Davie, Gabrielle, Cryer, Collin and Langley, John (2008) NZ Government's trend analysis of hospitalised self-harm is misleading. Australian & New Zealand Journal of Public Health, 32 (2). pp. 162-166. ISSN 1326-0200Full text not available from this repository.
Objective: The aim of this paper is to demonstrate that the trends published in the New Zealand (NZ) Government's 2006 Suicide Trends document for hospitalised self-harm are misleading.
Methods: Analysis of incident self-harm events resulting in hospitalisation and reference to published material on injury outcome indicators for the NZ Injury Prevention Strategy (NZIPS).
Results: The significant increase in rates of self-harm hospitalisation presented in Suicide Trends from 1989 to a large extent reflect changes in recording practice rather than any change in self-harm in the community. Indicators with significantly fewer threats to validity suggest there has been little, if any, increase in the incidence of self-harm. The authors of Suicide Trends did not adequately specify how they defined a case and, moreover, their methods were not consistent with those used for the NZIPS indicators.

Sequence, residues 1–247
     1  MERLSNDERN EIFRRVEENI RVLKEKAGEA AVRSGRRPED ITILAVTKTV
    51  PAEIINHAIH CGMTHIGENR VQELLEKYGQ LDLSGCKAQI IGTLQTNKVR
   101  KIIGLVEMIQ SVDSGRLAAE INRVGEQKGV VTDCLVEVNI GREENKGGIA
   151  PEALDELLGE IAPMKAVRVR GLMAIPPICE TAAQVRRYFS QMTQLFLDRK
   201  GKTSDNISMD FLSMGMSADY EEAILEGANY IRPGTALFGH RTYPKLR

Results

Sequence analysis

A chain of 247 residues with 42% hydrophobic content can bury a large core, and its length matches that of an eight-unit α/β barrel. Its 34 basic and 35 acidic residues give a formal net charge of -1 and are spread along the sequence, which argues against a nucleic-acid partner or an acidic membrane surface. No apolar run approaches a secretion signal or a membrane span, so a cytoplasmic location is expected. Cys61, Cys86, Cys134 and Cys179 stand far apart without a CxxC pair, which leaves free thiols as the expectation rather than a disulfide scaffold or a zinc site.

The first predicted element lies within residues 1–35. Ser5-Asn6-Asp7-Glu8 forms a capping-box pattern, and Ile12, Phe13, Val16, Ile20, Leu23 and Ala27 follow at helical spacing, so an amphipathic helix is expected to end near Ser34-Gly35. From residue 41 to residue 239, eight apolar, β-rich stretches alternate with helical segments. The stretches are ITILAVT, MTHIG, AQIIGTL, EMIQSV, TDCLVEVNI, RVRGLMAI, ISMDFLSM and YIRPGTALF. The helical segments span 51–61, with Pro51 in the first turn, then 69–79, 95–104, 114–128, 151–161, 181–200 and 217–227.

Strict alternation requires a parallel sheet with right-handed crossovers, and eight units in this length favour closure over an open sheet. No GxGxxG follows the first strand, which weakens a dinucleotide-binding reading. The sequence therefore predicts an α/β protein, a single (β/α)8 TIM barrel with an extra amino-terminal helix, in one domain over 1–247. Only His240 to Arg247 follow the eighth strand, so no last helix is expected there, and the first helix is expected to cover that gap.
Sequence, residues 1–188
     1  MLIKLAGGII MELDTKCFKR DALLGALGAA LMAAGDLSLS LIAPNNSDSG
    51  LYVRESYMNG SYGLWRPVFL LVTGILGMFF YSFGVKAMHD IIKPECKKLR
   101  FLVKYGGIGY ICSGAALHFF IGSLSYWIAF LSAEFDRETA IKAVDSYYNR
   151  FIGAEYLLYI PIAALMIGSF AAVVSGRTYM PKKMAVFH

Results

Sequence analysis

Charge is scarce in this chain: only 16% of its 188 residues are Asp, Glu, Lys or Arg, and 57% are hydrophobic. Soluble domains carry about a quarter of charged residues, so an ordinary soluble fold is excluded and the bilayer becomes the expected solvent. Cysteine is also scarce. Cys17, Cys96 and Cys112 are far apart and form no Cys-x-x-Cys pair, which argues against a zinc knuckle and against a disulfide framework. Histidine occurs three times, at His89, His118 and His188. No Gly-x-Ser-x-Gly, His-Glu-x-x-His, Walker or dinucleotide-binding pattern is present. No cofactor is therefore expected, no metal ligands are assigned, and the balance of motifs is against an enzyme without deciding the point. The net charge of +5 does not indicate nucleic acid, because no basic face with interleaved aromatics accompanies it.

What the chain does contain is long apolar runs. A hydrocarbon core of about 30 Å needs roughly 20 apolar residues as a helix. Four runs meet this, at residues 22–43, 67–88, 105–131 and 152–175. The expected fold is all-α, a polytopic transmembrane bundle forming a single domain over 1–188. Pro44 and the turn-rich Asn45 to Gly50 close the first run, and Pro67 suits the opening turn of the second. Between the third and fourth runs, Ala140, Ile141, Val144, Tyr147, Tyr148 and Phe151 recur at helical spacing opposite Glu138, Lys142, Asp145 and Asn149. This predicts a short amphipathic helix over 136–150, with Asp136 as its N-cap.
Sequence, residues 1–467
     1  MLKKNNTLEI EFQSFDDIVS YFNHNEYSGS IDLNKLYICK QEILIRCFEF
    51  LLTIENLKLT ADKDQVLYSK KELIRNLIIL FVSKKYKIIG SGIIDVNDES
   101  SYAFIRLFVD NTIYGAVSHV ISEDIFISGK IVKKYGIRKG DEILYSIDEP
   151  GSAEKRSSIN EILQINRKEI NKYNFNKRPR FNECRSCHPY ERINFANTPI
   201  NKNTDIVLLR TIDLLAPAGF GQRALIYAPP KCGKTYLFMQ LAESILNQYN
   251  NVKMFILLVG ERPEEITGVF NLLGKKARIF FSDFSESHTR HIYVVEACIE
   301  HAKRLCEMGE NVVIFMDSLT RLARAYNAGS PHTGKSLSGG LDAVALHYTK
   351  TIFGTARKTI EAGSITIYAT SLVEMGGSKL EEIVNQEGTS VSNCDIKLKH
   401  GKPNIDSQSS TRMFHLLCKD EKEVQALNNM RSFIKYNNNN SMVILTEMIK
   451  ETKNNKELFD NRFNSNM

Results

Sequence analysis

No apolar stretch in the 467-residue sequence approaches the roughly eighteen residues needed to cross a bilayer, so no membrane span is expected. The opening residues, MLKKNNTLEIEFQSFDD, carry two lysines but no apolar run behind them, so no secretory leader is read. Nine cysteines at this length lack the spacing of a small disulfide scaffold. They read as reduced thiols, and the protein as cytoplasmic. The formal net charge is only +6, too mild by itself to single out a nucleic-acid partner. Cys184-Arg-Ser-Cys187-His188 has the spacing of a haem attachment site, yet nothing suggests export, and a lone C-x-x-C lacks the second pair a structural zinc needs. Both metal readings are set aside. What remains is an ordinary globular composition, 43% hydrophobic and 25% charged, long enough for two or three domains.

Conclusions and Implications: The methodological challenges to producing valid indicators for the purposes of measuring trends in important non-fatal injury are substantial. Unless we accept that the usual methods of measuring trends in non-fatal injury are misleading and commit to taking up the challenge to produce and use better indicators, we will continue to run the risk of misleading ourselves and the public.
|Keywords:||Self-harm, surveillance, trends, injury|
|Schools and Departments:||Brighton and Sussex Medical School > Primary Care and Public Health|
|Subjects:||R Medicine > R Medicine (General)|
|Depositing User:||Jessica Stockdale|
|Date Deposited:||24 Apr 2012 11:30|
|Last Modified:||30 Nov 2012 16:56|